Panasonic is reported to have told Japanese operator NTT Docomo it will not supply any new smartphones, a move which would effectively end its presence in the mobile phone market.
According to reports originating from news service Kyodo, Panasonic’s decision has been driven by Docomo’s strategy of promoting smartphones from vendors such as Samsung and Sony, rather than its domestic partners.
And the move follows shortly after a similar decision from NEC, which is also ending its smartphone development activities.
For many years, the Japanese market was dominated by vendors including Sharp, Sanyo, Sony, Fujitsu, Casio, Mitsubishi, NEC and Panasonic, who created products closely tailored to the market.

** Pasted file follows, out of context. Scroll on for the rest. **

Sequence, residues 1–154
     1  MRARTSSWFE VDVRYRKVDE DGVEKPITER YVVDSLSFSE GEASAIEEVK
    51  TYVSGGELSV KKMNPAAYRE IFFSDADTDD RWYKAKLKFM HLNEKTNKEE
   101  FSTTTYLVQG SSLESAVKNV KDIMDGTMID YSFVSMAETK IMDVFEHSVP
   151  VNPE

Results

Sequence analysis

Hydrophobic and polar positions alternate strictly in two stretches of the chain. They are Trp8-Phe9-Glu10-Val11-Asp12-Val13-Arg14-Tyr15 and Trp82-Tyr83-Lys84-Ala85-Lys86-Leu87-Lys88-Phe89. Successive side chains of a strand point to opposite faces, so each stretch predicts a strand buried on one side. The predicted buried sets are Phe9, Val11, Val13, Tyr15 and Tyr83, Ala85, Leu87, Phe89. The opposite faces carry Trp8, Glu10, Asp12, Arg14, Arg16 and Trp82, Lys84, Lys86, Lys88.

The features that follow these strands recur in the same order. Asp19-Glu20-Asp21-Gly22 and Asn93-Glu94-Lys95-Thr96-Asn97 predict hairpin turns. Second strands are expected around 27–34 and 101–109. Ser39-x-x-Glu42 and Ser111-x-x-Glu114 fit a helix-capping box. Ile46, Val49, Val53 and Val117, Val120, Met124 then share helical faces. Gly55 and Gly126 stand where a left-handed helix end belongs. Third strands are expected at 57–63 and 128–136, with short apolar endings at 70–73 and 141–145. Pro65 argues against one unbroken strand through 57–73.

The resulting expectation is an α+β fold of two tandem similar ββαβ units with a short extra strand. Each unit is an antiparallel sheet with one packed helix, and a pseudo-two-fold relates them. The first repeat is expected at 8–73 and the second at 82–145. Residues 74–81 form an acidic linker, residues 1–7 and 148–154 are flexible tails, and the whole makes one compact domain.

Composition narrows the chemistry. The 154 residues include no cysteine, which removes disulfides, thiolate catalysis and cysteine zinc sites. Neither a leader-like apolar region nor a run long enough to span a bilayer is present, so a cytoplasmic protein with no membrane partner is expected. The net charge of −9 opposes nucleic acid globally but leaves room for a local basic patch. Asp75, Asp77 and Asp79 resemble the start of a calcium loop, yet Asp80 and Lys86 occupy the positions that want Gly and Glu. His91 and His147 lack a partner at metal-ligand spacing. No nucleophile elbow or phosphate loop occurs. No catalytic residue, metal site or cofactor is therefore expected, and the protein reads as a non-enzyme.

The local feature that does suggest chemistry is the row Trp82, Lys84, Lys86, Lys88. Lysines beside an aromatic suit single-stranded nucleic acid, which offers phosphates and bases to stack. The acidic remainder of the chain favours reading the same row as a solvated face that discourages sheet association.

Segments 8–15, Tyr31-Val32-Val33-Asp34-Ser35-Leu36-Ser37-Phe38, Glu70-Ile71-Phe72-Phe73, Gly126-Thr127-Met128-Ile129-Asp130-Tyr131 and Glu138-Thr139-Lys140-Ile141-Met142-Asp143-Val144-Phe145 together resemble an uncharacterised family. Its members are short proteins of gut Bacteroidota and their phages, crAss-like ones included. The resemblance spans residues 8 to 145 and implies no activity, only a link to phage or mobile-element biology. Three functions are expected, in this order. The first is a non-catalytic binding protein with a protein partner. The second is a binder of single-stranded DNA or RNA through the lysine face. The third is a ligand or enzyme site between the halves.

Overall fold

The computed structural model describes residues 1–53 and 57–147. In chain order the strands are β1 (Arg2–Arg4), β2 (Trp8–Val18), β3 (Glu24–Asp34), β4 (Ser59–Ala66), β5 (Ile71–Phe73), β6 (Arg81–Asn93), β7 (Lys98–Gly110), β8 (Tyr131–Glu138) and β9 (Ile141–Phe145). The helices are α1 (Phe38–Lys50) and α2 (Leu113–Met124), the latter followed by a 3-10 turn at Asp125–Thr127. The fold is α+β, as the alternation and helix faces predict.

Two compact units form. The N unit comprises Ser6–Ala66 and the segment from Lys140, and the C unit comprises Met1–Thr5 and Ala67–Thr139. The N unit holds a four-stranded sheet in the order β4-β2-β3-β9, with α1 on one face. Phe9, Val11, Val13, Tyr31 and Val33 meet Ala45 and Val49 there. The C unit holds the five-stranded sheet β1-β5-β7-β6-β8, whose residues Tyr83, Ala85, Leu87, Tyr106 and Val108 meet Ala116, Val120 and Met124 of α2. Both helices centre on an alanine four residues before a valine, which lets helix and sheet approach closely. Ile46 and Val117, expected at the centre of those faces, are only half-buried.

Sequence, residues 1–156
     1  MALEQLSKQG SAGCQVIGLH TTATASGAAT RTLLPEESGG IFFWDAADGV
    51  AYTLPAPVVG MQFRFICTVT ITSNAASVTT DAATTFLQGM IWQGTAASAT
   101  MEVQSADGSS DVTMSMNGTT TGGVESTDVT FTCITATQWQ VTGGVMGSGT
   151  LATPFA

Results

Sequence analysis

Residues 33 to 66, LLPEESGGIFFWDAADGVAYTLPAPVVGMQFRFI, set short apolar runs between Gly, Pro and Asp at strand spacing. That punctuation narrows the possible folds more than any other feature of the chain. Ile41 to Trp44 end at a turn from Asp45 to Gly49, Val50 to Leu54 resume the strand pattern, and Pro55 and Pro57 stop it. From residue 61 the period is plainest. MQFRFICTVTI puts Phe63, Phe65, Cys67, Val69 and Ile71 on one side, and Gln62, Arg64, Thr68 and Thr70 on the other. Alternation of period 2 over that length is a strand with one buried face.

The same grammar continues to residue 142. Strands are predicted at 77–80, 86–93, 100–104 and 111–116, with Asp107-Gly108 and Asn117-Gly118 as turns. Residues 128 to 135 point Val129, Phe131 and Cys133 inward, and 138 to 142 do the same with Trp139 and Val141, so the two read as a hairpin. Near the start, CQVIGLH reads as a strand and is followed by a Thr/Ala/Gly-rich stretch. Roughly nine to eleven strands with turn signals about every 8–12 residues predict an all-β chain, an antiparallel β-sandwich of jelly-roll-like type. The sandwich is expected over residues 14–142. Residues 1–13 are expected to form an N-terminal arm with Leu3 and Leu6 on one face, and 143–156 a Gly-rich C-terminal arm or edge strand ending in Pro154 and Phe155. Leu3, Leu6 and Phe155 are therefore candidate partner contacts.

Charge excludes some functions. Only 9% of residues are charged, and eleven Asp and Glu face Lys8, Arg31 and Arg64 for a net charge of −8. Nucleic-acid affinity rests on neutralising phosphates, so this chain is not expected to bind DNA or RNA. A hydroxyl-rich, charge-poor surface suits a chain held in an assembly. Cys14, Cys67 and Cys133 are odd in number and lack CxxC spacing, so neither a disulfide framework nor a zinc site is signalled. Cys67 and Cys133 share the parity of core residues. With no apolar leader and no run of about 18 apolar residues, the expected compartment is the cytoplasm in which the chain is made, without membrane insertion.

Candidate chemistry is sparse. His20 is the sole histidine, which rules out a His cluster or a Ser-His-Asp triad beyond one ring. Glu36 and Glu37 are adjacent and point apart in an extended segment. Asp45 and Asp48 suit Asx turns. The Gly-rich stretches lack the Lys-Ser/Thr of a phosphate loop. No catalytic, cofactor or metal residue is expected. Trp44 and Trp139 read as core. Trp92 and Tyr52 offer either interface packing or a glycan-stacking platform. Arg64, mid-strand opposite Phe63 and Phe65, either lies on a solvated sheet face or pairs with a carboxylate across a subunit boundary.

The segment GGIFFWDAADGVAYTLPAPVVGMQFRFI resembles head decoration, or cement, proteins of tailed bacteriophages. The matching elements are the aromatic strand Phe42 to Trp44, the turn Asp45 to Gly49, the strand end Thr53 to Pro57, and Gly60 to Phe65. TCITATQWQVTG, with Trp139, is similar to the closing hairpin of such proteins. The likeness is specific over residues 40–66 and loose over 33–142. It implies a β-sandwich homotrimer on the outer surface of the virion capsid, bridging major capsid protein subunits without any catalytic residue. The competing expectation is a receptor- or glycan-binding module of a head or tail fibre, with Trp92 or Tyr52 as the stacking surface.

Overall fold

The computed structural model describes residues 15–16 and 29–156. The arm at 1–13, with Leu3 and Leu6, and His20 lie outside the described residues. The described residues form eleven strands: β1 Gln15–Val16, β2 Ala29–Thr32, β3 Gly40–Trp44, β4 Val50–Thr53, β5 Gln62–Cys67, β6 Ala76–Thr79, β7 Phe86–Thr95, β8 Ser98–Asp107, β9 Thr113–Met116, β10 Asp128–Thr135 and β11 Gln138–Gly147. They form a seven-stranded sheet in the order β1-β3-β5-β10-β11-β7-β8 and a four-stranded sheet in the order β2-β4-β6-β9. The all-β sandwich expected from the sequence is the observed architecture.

Indeed, during this time, international vendors struggled to gain a foothold in the market, with products offered overseas not supporting the features and services expected by Japanese consumers.
But as the market has shifted to smartphones, vendors such as Apple, HTC, Samsung and LG Electronics have been able to gain a foothold in the Asian country, at the expense of the domestic competitors.
Conversely, and despite numerous efforts over the years, the majority of Japan’s device makers have been unable to gain traction in overseas markets, leaving them with dwindling market share and shipment volumes.
Faced with the option of operating loss-making, sub-scale device businesses, vendors have instead opted not to continue competing.
Panasonic identified its Mobile Communications unit as an “unprofitable business” in its Q1 2014 results, with an operating loss of JPY5.4 billion on sales of JPY15.3 billion. This compared with a loss for Q1 2013 of JPY3.7 billion, on sales of JPY17.7 billion.
Last year, Panasonic made an effort to build its smartphone business outside of Japan, although with little success.